It’s surprising to me that most creepy pastas don’t find their way to film. If you aren’t familiar with the term, a creepy pasta is a short horror story that has its origins on the internet. I’ve written about some before (My personal favorite is Candle Cove.) including a short film about the infamous Goat Man (Weirdo). Creepy pastas generally don’t give you all the answers you crave. They are more unsettling than they are scary. For example, Candle Cove is a recollection of various adults of a strange television show they all watched. Nostalgia drives the story, and soon you find yourself almost remembering the show as well.
While it wasn’t spawned from a creepy pasta, Dark Was the Night just feels like one of the stories come to life. From its setup, I was hooked. As the story progressed, director Jack Heller hides a new creature from us using old school camera tricks that brought a tear to my eye. But, alas, the budget downfall catches up eventually. Does it have enough legs to spawn a franchise? Maybe. It’s a great start at least, and the creature is interesting. That’s 90% of the battle.
Dark Was the Night takes place in a small rural town Maine. It’s a logging community, the locals have settled in for the hard winter. Sheriff Paul Shields (Kevin Durand) is broken. An accident has claimed his son’s life, and the sheriff can’t see through all of the grief he’s feeling. While his wife (Bianca Kaijlich) tries to turn to her husband, he turns away from her. They are separated and share custody of their other son Adam (Ethan Khusidman). One evening, Adam spots somebody in the backyard. Paul investigates, but finds nothing. In the morning, however, the town makes the unsettling discovery of footprints throughout the town. They are hooves, but whatever walked on them walks on two feet. The tracks lead to each house’s windows and the town realizes that they’ve been spied on by some…thing.
As the tale unfurls, Paul investigates possible angles to these tracks to no avail. He’s joined by his new deputy Donny (Lukas Haas) and together they are plunged into a mystery that may not be easily solved. Murders complicate the investigations, as do the small town’s residents. But, honestly, it sets up like a slow burn Feast with its mysterious creature setup.
Now even though Dark Was the Night caught my attention and held it, my google-fu skills were put to the test early and often. I loved the setup with the footprints and discovered that a real event actually inspired this scene (Devil’s Footprints). The creature begins to feel more and more like a wendigo/skinwalker, and I nearly leapt out of my seat when I saw Paul searching for wendigoes. This movie hooked me from the get go in a good way: It was the movie I’ve wanted to see for a long, long time. Yes, it had the “big opening” that horror formulas dictate, but these events are unknown and play off like the opening scene of Jaws. The real creepiness is in the anticipation of what we are seeing.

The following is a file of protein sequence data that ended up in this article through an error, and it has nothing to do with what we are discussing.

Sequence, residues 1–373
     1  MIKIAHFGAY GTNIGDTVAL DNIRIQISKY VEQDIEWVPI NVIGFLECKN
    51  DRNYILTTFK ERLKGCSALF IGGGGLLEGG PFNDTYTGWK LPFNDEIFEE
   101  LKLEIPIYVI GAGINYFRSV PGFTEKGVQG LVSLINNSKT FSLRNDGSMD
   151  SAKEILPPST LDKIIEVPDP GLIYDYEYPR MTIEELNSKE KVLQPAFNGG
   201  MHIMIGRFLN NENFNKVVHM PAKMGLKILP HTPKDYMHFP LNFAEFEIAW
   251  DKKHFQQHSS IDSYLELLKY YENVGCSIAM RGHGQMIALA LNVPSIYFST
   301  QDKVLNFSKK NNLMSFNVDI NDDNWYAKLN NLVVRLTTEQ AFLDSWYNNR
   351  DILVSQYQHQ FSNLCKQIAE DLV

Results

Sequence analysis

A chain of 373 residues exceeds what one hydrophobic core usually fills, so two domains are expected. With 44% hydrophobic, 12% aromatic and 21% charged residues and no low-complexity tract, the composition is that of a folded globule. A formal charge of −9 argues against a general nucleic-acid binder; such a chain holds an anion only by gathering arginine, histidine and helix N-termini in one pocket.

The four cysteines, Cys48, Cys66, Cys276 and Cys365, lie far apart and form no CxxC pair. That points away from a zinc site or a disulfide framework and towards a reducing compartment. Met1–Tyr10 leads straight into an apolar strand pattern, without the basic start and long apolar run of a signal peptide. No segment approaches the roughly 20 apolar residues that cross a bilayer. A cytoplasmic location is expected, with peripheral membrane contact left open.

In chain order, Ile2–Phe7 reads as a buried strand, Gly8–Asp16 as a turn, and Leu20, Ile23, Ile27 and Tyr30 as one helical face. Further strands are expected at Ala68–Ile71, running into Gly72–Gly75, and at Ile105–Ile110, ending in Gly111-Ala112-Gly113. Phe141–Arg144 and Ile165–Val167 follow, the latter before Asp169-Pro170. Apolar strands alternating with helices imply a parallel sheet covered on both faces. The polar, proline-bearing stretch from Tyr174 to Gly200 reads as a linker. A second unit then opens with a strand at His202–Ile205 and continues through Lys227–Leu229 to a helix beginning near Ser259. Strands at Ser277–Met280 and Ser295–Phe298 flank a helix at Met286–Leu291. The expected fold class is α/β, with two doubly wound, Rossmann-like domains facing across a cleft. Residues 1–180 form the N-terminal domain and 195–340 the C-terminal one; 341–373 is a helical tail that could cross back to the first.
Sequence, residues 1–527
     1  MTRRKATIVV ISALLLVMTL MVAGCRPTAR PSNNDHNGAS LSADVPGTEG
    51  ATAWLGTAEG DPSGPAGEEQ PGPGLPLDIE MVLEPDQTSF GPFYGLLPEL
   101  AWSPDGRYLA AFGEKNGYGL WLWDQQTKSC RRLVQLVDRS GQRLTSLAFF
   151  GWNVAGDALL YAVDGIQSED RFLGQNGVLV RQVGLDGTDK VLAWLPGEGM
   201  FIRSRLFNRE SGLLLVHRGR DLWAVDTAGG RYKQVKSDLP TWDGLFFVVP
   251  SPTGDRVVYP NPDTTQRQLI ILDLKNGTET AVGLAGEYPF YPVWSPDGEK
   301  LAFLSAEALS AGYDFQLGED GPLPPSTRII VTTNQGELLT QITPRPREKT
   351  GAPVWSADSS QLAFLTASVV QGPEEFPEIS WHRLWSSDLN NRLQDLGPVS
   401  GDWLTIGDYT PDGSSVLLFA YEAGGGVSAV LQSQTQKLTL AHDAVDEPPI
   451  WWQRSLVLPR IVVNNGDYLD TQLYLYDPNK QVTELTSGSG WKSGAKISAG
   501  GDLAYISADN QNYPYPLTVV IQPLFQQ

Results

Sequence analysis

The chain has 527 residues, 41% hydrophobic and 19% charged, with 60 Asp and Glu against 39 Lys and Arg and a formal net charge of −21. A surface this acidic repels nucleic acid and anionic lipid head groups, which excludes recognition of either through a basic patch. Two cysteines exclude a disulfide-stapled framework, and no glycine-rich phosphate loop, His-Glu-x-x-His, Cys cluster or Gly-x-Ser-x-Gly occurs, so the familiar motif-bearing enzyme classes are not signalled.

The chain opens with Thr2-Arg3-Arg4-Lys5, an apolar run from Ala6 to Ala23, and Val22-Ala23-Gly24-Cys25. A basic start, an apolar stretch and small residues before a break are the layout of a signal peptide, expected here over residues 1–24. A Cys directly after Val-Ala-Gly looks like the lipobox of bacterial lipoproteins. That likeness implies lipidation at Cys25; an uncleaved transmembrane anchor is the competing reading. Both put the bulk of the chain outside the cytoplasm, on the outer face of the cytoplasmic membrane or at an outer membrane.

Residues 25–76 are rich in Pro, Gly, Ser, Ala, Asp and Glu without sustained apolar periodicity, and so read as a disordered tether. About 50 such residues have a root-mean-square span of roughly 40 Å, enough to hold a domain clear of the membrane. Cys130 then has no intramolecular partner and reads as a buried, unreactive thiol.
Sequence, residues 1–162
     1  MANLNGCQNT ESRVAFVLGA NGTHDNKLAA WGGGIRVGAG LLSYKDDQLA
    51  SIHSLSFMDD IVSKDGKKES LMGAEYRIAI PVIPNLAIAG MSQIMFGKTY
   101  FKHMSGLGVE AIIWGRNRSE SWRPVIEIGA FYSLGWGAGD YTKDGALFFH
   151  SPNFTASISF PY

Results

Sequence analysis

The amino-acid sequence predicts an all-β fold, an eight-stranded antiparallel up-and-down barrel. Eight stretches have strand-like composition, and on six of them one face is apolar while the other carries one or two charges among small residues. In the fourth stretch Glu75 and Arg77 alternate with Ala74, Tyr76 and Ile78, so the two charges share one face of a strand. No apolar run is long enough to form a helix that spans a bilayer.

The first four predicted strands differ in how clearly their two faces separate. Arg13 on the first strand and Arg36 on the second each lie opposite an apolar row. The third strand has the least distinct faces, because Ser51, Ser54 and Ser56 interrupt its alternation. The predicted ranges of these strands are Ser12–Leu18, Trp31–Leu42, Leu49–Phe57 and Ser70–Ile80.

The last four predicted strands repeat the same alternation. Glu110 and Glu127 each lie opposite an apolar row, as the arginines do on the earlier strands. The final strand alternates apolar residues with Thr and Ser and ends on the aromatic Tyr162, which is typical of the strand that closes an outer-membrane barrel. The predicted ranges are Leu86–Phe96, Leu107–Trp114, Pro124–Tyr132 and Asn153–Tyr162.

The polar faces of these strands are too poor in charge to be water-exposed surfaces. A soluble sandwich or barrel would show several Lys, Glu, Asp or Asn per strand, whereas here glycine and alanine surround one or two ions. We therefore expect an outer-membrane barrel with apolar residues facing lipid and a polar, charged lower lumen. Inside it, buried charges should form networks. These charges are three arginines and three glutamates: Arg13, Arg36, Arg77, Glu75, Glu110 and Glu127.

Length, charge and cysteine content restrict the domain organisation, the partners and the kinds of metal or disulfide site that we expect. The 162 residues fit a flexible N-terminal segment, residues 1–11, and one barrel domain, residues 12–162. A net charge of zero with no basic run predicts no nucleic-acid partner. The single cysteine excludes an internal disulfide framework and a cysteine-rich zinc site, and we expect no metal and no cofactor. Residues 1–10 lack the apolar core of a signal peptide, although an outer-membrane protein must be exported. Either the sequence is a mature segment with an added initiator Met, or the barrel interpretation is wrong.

And it’s here that Heller earns the respect he deserves. While teasing a creature that we’ve never seen or want to see, he hides it. He plays games with light and speed. As a character becomes more excited, the camera work follows. Multiple shadow shots and “just missed” shots are utilized and it really works well.
As for the creature, it’s not a wendigo or a skinwalker. It’s nothing we’ve seen before and Heller admits to painstakingly designing this creature with horror and practicality in mind. I don’t want to spoil it, but it actually looks like Venom (from Spiderman). There are a multitude of characteristics it pulls from many legends, but ultimately, what we see doesn’t quite rank in the reality scale.
This is what really distressed me about Dark Was the Night. I loved the directing. I loved the acting. I loved the story. It’s enough that it takes the film from “classic” to “good watch”, and that is a shame. I know why they used CGI. I just didn’t like the end result.
Dark Was the Night is definitely worth a look. You’re missing out on a great film if you don’t. But, don’t be let down by the finale. Accept it for what it is. Enjoy the movie for how good it is. There’s a franchise here that could be awesome with just a little more money.